ASIC chairman Greg Medcraft has given a scathing review of Australia’s home loan market and called out banks for blaming out-of-cycle rate hikes on regulatory costs.
Speaking at the ASIC Forum in Sydney yesterday, Mr Medcraft was candid in his evaluation of the current levels of competition in the mortgage market.
“I think the residential mortgage market is disgraceful in this country,” he said. “I just still can’t believe that people accept to pay whatever the bank says [the rate] is.”
Mr Medcraft explained that corporates abandoned prime lending “years ago” because they “didn’t trust what the banks told them”. He added that corporate borrowers have since gravitated towards rates that use a margin over a benchmark.
Asked whether the issue was the borrowers’ fault, the ASIC boss said “inertia” among borrowers was a factor, but explained how borrowers are not encouraged to switch mortgage providers out of fear that their new lender would simply “move against them” and lift rates.
“Whereas if you have a margin over a benchmark, they can’t change the margin. We should have something that is a margin over a benchmark,” Mr Medcraft said.
Australia’s banks have repeatedly hiked home loan rates out-of-cycle over the last 18 months, citing increased capital requirements, margin pressure and regulatory measures to rein in investor lending.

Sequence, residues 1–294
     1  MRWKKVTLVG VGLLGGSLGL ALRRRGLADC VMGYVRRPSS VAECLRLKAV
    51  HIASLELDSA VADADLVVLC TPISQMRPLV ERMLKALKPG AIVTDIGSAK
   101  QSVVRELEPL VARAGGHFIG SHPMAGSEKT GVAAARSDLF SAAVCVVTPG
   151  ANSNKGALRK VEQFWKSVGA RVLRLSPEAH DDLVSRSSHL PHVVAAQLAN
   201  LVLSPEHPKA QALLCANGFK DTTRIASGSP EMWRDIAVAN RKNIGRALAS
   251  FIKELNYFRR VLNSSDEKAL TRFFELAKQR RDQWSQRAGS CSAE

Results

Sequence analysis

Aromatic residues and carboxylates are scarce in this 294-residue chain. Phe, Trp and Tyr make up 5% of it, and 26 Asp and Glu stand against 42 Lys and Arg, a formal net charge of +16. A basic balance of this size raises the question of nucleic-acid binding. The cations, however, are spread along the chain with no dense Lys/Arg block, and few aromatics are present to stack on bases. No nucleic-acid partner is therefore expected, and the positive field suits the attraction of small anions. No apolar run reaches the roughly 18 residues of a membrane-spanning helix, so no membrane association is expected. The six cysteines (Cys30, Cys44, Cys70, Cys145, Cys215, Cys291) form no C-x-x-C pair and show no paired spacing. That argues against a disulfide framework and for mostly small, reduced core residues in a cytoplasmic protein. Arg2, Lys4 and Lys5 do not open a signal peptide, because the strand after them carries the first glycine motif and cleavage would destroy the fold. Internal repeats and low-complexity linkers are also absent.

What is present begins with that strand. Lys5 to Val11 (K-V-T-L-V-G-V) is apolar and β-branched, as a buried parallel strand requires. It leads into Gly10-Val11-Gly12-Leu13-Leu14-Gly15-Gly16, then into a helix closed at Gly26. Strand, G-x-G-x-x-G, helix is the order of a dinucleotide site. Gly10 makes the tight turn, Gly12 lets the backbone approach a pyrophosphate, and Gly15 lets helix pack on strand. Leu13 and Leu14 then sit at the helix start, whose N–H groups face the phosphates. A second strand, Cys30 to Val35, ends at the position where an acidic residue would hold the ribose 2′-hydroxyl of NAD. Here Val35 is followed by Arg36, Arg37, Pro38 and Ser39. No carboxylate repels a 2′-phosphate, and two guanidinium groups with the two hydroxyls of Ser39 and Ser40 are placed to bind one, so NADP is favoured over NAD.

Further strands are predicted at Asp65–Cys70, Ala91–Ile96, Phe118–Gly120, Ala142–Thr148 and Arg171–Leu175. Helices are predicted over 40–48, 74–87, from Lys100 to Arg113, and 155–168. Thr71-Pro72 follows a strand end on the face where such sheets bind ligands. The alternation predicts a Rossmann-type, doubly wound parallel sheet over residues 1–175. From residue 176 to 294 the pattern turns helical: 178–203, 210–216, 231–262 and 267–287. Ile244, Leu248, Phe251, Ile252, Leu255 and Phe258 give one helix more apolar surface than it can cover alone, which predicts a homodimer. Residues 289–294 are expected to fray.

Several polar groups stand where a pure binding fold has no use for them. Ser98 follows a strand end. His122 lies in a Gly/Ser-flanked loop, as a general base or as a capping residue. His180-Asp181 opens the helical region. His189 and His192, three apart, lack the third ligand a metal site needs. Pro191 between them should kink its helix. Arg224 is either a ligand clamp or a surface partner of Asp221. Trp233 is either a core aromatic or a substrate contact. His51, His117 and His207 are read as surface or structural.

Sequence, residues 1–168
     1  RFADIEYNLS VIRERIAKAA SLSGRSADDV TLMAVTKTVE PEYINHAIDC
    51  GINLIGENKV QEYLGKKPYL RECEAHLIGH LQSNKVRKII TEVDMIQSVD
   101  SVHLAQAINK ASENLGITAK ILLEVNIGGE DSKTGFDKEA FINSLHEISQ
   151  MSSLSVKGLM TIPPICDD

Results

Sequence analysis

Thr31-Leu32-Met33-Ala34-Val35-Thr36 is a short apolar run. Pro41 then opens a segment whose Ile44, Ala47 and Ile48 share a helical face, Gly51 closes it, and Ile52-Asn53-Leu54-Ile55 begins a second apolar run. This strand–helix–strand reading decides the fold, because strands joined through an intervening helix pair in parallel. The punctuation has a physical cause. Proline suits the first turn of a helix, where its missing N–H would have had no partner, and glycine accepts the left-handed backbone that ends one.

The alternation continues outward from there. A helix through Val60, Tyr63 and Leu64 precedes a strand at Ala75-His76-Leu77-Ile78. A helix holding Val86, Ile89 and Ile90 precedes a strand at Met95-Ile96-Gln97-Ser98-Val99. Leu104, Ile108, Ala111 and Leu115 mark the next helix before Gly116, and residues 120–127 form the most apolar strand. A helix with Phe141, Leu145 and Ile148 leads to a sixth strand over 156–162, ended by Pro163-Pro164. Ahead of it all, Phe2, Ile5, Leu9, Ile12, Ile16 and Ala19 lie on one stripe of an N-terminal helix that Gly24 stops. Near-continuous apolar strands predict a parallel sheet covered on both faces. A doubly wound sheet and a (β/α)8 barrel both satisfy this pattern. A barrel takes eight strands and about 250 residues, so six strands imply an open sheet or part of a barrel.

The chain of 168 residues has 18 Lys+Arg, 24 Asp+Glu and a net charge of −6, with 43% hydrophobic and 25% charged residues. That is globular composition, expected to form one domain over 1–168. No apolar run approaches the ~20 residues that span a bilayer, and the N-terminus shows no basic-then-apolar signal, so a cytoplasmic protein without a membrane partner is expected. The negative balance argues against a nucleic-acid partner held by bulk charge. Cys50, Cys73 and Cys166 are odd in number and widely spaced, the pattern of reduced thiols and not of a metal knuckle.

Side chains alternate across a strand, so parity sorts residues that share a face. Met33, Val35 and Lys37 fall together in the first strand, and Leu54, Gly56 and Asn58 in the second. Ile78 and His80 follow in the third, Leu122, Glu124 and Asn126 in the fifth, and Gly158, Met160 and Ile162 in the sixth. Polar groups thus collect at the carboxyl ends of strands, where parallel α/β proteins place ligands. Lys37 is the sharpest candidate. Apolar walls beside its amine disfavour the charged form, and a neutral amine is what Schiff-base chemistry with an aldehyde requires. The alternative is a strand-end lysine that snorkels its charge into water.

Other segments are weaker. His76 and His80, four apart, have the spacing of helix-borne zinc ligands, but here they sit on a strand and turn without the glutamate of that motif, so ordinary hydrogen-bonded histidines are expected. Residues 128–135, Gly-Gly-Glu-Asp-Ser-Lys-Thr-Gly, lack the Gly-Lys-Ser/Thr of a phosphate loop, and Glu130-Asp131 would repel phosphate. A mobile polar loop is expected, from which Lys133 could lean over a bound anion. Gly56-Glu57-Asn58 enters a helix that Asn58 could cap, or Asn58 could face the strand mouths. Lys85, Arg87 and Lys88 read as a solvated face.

On Thursday, NAB announced a raft of changes to its home loan rates including a 25-basis point increase for investors and a 7-basis point increase for owner-occupiers.
“The difference between what we charge and how much it costs us to fund a mortgage remains under pressure, with intense competition, increasing regulation, and elevated funding costs,” NAB chief operating officer Antony Cahill said.
On Friday Westpac announced that its variable rate home loans would rise up to 28 basis points. Westpac Consumer Bank CEO George Frazis said the changes were due to “a number of economic and regulatory factors” and were a response to increased funding costs.
ASIC’s Greg Medcraft called out the rate hikes and explained that corporate customers are treated differently to residential mortgage borrowers.
“The banks say that they are increasing their rates because of increase regulatory costs and that they are going to charge customers more,” he said.
“But they don’t do that in the corporate sector because they can’t – they have a locked-in margin above a benchmark. I do think competition in our mortgage market would be a good thing for consumers.”
[Related: Home ownership 'beyond reach']